The U.S. EPA has updated the list of approved test procedures that can be used to analyze wastewater for compliance under the Clean Water Act.
Election season is in full swing and while it may not be the “hottest” topic being debated amongst presidential candidates, the topic of water isn’t being ignored as we approach November. Several candidates have addressed the challenges plaguing water and wastewater systems nationwide.
For years, I’ve been standing on my deck in San Francisco, looking south to Silicon Valley for innovation in water efficiency. But I’m starting to realize that I might have been gazing in the wrong direction. Maybe I need to turn around and look north, over the spires of the Golden Gate Bridge, toward the Emerald Triangle in Humboldt, Mendocino and Trinity counties, the hotbed of California’s newly legalized commercial cannabis production.
During the long campaign, you ran on a platform of change, and since the election, you have charted a course toward improving our nation’s infrastructure. I urge you to focus some of that change and a significant portion of those infrastructure improvements on the one issue at the center of survival for all Americans, regardless of whom they voted for — water.
It may seem farfetched, but the reality is that many Americans don’t have regular access to clean drinking water.
Summer reading list a bit dry? Drink up these books on the world’s greatest resources — water.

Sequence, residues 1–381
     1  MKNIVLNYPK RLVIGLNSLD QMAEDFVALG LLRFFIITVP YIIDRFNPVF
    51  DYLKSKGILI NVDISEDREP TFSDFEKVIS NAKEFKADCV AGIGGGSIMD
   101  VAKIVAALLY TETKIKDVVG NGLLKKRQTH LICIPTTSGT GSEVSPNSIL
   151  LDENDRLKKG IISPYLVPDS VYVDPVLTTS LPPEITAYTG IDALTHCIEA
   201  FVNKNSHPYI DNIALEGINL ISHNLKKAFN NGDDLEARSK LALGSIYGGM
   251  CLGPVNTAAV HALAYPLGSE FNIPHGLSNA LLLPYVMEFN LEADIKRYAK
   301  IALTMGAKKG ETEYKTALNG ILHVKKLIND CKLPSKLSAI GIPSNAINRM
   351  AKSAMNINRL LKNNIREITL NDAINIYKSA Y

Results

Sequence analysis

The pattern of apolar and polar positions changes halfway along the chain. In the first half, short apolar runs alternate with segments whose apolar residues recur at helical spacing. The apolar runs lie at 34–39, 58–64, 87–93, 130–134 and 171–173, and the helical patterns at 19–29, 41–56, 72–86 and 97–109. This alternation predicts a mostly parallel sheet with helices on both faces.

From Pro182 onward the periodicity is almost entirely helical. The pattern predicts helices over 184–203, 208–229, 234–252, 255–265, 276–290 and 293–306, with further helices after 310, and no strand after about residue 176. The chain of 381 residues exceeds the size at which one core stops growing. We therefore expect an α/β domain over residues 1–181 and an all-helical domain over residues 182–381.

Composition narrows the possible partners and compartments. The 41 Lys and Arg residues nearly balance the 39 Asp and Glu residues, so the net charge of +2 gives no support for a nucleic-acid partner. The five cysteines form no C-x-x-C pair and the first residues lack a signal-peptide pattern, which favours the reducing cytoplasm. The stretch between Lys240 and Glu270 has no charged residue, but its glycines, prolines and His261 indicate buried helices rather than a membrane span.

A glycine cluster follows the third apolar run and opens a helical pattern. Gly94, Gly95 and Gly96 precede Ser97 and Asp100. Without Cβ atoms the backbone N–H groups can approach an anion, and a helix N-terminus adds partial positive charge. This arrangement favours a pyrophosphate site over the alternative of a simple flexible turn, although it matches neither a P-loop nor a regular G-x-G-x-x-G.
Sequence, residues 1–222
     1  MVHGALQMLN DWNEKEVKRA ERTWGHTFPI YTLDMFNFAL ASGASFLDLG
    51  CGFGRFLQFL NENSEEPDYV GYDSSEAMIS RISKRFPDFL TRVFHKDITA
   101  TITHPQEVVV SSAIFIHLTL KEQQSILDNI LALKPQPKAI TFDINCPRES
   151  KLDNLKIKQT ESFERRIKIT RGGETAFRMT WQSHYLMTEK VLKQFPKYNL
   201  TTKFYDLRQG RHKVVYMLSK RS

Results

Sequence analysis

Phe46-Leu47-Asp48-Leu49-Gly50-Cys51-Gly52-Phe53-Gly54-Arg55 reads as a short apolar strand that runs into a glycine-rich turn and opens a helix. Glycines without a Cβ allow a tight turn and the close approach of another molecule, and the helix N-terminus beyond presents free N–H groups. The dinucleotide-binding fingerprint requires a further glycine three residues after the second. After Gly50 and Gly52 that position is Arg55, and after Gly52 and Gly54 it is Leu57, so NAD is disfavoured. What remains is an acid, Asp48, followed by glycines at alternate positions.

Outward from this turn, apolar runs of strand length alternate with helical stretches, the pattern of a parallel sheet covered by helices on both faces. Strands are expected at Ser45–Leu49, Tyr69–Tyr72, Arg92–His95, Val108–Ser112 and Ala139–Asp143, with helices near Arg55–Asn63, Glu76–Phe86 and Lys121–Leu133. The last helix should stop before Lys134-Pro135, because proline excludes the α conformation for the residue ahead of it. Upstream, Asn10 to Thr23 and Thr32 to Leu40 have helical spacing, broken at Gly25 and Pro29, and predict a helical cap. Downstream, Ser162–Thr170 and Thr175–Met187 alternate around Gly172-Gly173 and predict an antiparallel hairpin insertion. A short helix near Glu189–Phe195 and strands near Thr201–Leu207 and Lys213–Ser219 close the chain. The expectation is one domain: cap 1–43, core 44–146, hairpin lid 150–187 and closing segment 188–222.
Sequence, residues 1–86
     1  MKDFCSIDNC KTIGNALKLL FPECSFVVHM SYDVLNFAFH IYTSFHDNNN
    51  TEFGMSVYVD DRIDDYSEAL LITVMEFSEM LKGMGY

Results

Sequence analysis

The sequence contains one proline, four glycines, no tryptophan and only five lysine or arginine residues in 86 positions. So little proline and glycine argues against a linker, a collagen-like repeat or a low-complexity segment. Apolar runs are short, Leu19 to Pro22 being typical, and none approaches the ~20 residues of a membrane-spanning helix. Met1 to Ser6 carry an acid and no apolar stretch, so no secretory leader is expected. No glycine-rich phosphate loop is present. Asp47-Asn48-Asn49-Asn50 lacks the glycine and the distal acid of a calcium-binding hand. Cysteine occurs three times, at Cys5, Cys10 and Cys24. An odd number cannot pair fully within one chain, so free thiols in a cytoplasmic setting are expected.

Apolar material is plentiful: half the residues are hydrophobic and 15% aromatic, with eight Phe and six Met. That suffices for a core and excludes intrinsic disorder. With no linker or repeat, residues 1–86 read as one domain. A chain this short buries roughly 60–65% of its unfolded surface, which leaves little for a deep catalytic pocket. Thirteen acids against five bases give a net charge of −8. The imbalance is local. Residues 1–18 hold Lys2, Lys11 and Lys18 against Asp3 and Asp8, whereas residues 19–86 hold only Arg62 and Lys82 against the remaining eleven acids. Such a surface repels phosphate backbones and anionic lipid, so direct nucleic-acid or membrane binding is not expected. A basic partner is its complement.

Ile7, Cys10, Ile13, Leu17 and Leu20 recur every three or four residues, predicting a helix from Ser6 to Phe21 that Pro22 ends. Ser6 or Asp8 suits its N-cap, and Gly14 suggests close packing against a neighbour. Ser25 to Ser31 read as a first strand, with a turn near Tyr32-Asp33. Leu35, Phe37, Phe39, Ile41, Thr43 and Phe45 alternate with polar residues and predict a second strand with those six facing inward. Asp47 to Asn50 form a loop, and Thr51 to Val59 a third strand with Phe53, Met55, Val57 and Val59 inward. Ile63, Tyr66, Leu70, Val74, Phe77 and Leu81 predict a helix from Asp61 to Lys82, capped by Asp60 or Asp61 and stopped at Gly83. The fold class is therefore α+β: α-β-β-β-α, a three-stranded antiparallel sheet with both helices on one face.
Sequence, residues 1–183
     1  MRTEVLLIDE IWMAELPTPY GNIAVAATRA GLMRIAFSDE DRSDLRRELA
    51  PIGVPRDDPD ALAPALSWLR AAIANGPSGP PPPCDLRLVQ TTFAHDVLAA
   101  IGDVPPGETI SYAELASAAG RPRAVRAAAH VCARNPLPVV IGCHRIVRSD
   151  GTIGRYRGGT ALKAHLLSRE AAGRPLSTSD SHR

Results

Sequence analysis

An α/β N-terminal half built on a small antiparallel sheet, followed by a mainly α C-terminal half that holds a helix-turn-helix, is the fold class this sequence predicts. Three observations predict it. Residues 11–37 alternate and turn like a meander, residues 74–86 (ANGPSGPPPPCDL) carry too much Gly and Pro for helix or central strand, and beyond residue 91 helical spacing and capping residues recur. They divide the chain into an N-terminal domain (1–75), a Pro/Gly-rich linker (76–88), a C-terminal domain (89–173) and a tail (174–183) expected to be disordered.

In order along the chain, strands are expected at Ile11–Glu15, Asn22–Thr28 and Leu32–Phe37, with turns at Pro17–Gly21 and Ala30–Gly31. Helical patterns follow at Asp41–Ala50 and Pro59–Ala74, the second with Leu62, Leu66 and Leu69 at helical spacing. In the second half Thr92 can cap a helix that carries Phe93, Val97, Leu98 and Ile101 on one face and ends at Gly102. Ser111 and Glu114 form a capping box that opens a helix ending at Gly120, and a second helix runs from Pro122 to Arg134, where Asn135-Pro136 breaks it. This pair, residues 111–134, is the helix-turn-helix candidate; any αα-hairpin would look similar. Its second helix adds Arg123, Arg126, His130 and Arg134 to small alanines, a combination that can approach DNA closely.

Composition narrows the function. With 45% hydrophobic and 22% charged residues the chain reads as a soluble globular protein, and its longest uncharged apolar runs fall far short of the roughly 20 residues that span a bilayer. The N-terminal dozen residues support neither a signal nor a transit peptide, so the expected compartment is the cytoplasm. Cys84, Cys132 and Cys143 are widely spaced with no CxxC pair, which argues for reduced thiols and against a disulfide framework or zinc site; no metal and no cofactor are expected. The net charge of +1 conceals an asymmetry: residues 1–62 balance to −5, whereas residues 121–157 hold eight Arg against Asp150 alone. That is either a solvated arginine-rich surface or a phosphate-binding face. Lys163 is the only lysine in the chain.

A Request for Startups post on January 3rd on the Y Combinator Blog caught my eye. The blogger talked about the need to prepare for things to get worse with regard to climate change, and called for applications for funding from those working on new technologies that could inexpensively produce clean water.
While most of the country was seeing red, white, and blue this past Fourth of July, many Florida residents were seeing green.
As part of its Long Term Control Plan to reduce combined sewer overflows (CSOs) to the Merrimack River, the City of Nashua, NH constructed a new Screening and Disinfection facility (SDF) to reduce untreated discharges of CSOs to the Merrimack River.
The U.S. EPA’s Long Term 2 Enhanced Surface Water Treatment Rule (LT2) was adopted in 2006 to modify the Safe Drinking Water Act and more tightly control the spread of Cryptosporidium, a microorganism that can cause gastrointestinal infection if ingested. Since its inception, the rule has posed a treatment challenge to utilities that are susceptible to the tiny contaminant. But which utilities are at risk? And how should they approach treatment?